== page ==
Pat Mitchell: Your first time back on the TEDWomen stage.
Sheryl Sandberg: First time back. Nice to see everyone. It's always so nice to look out
and see so many women.
It's so not my regular experience,
as I know anyone else's.
PM: So when we first started talking about, maybe the subject wouldn't be social media,
which we assumed it would be, but
that you had very much on your mind
the missing leadership positions, particularly
in the sector of technology and social media.
But how did that evolve for you as a thought, and end up being the TED Talk that you gave?
SS: So I was really scared to get on
this stage and talk about women,
because I grew up in the business
world, as I think so many of us did.
You never talk about being a woman, because
someone might notice that you're a woman, right?
They might notice. Or worse, if you say "woman,"
people on the other end of the table
think you're asking for special
treatment, or complaining.
Or worse, about to sue them.
And so I went through -- (Laughter)
Right? I went through my entire business career,
and never spoke about being a woman,
never spoke about it publicly.
But I also had noticed that it wasn't working.
I came out of college over
20 years ago, and I thought
that all of my peers were men and women,
all the people above me were all men,
but that would change,
because your generation had done such
an amazing job fighting for equality,
equality was now ours for the taking. And it wasn't.
Because year after year, I was one of fewer and fewer,
and now, often the only woman in a room.
And I talked to a bunch of people about,
should I give a speech at TEDWomen
about women, and they said, oh no, no.
It will end your business career. You
cannot be a serious business executive
and speak about being a woman.
You'll never be taken seriously again.
But fortunately, there were the few, the proud -- like you -- who told me I should give the speech,
and I asked myself the question
Mark Zuckerberg might --
the founder of Facebook and my boss --
asks all of us, which is, what
would I do if I wasn't afraid?
And the answer to what would I do if I wasn't
afraid is I would get on the TED stage,
and talk about women, and leadership.
And I did, and survived. (Applause)
PM: I would say, not only survived.
I'm thinking of that moment, Sheryl,
when you and I were standing backstage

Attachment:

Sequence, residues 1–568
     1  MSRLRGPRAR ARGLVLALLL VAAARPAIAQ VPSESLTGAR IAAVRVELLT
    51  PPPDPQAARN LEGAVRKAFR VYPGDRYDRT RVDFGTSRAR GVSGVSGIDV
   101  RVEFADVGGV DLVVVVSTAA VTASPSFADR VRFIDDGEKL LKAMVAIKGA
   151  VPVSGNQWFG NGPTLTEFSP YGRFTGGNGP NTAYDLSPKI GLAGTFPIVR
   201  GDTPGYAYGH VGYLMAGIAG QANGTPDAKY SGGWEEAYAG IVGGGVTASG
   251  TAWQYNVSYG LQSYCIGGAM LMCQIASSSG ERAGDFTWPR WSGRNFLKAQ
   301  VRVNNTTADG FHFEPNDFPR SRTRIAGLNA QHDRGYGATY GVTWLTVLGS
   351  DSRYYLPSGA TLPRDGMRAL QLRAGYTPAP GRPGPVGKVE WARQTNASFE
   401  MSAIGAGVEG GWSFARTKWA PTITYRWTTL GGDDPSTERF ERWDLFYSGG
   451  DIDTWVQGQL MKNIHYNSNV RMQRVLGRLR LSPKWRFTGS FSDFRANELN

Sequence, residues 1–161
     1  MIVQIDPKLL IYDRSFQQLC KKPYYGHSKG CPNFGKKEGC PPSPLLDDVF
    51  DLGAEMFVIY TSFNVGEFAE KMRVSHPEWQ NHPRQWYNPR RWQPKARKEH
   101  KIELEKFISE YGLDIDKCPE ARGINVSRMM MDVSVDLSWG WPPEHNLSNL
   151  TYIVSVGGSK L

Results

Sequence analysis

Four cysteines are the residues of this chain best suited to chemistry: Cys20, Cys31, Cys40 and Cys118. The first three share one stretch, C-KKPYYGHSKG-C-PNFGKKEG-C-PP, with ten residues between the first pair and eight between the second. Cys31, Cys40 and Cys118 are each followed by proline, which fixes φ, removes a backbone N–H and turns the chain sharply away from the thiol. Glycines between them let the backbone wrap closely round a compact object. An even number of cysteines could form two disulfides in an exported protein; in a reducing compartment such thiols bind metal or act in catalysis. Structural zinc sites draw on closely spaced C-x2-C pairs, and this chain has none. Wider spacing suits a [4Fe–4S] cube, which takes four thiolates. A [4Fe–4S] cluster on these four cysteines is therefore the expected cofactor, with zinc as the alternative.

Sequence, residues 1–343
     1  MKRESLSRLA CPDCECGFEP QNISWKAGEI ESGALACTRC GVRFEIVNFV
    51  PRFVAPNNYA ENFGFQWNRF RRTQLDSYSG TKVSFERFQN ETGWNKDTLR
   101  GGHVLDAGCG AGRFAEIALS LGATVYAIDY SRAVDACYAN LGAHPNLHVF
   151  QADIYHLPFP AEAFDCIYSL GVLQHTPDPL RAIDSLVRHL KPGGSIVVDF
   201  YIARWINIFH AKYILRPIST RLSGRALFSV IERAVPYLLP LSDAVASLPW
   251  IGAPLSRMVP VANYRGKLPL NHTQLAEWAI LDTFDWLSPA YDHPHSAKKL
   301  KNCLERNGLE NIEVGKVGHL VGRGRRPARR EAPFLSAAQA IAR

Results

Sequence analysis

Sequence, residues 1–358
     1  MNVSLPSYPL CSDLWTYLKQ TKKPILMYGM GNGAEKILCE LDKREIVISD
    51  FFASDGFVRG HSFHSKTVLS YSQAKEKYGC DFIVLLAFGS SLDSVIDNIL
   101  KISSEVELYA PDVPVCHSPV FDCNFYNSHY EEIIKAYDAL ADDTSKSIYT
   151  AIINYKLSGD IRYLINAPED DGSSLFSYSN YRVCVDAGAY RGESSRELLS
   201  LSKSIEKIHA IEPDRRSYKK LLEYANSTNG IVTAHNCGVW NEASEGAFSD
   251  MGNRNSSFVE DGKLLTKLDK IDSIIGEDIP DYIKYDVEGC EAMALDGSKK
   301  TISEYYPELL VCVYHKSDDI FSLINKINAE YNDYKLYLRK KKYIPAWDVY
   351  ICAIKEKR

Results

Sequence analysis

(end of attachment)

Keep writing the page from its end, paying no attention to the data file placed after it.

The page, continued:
together, and you turned to me,
and you told me a story.
And I said -- very last minute -- you know,
you really should share that story.
SS: Oh, yeah.
PM: What was that story?
SS: Well, it's an important part of the
journey. So I had -- TEDWomen --
the original one was in D.C. -- so I live here,
so I had gotten on a plane the day before,
and my daughter was three, she was
clinging to my leg: "Mommy, don't go."
And Pat's a friend, and so, not related
to the speech I was planning on giving,
which was chock full of facts and
figures, and nothing personal,
I told Pat the story. I said, well,
I'm having a hard day.
Yesterday my daughter was clinging
to my leg, and "Don't go."
And you looked at me and said,
you have to tell that story.
I said, on the TED stage? Are you kidding?
I'm going to get on a stage and admit
my daughter was clinging to my leg?
And you said yes, because if you want to talk
about getting more women into leadership roles,
you have to be honest about how hard it is.
And I did. And I think that's a really
important part of the journey.
The same thing happened when I wrote my book.
I started writing the book. I wrote a first chapter,
I thought it was fabulous. It was
chock-full of data and figures,
I had three pages on matrilineal Maasai
tribes, and their sociological patterns.
My husband read it and he was like, this
is like eating your Wheaties. (Laughter)
No one -- and I apologize to Wheaties if there's
someone -- no one, no one will read this book.
And I realized through the process that I
had to be more honest and more open,
and I had to tell my stories. My stories of still
not feeling as self-confident as I should,
in many situations. My first and
failed marriage. Crying at work.
Felling like I didn't belong there,
feeling guilty to this day.
And part of my journey, starting on this stage,
going to "Lean In," going to the foundation,
is all about being more open and
honest about those challenges,